Celebrating Women’s History Month


Ethan Gullett

Graphic by Ethan Gullett

Santiago Elizondo, Staff writer

Women’s History Month is a month dedicated to showing the contribution of women in history. Women’s History Month is celebrated in March in the United States, the United Kingdom and Australia in parallel with International Women’s Day on March 8. Women’s History Month began in 1978 as “Women’s History Week” in Sonoma County, California, and with the help of the National Women’s History Alliance (NWHA), became recognized nationwide in 1980, which was later extended to a month in 1987. 

The story that leads the way to women’s rights started in 1848 in Seneca Falls and finished with the approval of the 19th Amendment in 1920 with Elizabeth Cady Stanton and Susan B. Anthony, who was the head of the development. The amendment allowed women the right to vote. But we are gradually discovering that story is fragmented. It was not just Anthony and Stanton who drove the campaign for their rights; women of all races, classes and even immigrants likewise made ready. Women such as Mabel Ping-Hua Lee, who was the first Chinese woman in America to earn a Ph.D. in Economics, were not able to vote until the Chinese Exclusion Repeal Act of 1943. Ida B. Wells and Mary Church Terrell were founders of the National Association for the Advancement of Colored People (NAACP) to fight against lynchings and black rights in general.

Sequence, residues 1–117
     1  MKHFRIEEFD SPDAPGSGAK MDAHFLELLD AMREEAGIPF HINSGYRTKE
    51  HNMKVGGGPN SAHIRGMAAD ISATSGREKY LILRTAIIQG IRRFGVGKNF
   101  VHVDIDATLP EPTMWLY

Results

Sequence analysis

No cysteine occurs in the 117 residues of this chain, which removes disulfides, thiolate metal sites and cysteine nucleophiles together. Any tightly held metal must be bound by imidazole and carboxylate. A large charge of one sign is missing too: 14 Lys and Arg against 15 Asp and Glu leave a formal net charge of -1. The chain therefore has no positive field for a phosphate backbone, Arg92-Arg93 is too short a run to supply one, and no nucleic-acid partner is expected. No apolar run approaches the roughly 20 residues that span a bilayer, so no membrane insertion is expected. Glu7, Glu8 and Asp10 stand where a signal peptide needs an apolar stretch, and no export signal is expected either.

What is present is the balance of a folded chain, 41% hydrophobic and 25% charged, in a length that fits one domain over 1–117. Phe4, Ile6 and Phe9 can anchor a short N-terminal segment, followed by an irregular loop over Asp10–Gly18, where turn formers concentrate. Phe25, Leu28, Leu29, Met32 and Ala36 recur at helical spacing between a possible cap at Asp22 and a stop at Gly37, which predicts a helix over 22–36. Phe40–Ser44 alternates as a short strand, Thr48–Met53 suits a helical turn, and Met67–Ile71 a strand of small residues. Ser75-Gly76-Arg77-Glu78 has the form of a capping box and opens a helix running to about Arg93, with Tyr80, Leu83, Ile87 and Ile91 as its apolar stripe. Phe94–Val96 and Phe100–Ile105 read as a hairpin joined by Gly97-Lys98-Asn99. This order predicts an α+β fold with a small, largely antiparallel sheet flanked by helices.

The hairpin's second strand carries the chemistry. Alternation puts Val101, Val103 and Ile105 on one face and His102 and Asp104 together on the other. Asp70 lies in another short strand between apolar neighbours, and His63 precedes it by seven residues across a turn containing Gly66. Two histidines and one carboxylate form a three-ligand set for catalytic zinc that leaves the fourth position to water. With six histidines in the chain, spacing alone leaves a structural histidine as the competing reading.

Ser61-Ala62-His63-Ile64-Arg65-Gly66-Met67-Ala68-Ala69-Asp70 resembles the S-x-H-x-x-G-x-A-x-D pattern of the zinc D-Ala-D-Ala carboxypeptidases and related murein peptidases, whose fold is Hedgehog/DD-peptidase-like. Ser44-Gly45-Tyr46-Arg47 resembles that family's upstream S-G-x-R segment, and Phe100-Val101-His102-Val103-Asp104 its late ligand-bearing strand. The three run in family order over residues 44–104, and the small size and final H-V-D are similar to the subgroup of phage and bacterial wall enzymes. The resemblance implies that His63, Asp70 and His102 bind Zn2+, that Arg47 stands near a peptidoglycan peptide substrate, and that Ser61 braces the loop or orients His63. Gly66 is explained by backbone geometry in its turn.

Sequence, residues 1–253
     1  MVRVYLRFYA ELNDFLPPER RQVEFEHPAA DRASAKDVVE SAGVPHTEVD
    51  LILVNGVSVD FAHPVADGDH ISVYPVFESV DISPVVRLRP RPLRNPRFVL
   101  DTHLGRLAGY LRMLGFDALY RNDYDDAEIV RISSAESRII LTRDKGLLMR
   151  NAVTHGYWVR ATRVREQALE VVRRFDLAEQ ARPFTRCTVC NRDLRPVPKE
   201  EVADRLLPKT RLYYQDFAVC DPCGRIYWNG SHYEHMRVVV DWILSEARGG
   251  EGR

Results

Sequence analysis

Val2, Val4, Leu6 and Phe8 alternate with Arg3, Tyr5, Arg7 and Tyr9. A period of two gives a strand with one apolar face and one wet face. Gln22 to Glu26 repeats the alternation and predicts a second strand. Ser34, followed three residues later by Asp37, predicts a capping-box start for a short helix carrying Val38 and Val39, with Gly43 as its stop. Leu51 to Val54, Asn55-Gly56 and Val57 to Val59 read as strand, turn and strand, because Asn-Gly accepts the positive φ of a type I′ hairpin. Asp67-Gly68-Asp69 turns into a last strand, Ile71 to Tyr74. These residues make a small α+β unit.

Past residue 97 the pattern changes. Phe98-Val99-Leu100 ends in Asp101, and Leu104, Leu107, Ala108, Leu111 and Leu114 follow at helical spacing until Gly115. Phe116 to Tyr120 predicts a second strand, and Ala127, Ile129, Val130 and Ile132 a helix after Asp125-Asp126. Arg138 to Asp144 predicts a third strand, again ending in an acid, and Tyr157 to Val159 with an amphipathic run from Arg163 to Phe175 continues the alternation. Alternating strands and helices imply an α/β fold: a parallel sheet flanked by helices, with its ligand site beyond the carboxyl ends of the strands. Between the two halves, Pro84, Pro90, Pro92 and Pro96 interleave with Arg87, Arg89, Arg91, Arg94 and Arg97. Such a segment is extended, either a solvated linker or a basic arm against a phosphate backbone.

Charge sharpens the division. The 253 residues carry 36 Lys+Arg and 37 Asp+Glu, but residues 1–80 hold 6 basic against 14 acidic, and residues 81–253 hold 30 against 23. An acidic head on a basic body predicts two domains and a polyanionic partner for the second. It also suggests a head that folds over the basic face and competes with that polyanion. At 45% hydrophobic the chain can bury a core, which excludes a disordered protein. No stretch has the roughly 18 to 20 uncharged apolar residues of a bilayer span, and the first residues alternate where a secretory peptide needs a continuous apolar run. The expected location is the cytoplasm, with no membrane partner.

International Women’s Day first started during the early 1900s during what we call the Progressive Era, in which women from across the nation began organizing for social reform, with the biggest concerns being Prohibition, suffrage, education and health. 

Also, the 19th Amendment did not end the movement but rather a start: after it passed, it would require four additional years for Native Americans, who would not be viewed as citizens with a right to vote until the Indian Citizenship Act passed, and for Asian-Americans, who had to wait until the passing Immigration and Nationality Act of 1952 to be seen as immigrants. During World War II, the war had become larger on a scale than they have not seen before, forcing women to be pushed into roles they were not expected. They served everywhere on the homefront from poster making to factory work, doing jobs that were previously considered jobs exclusive to men. 

 Black women, while having the right to vote on paper, could not openly vote until 1965, with the passing of the Voting Rights Act abolishing racially prejudicial in the voting process like literacy tests, poll taxes and grandfathering. During the Civil Rights Movement, women were key planners. Women like Septima Clark planned instructive projects to show African American people group individuals how to peruse and compose. She created education programs to teach African Americans how to read and write to help themselves and fight for their rights.

Modern women’s movements are concerned with relatively an abundance of issues, such as international support for women’s suffrage, sexual harassment, assaults, representation in government, etc. Still, why must we dedicate a whole month? Well, simply put, women who assumed essential parts in development, government and the past have not been recognized for their achievements, and finding out about women’s history helps us understand our history better. All through American history, women have made essential commitments, frequently with segregation and unjustifiable difficulties. Fearless women fought for the right to vote, campaigned against injustice, broke countless boundaries and extended them to all Americans. Our set of experiences is additionally packed with instances of the boldness of women in America, especially during emergencies.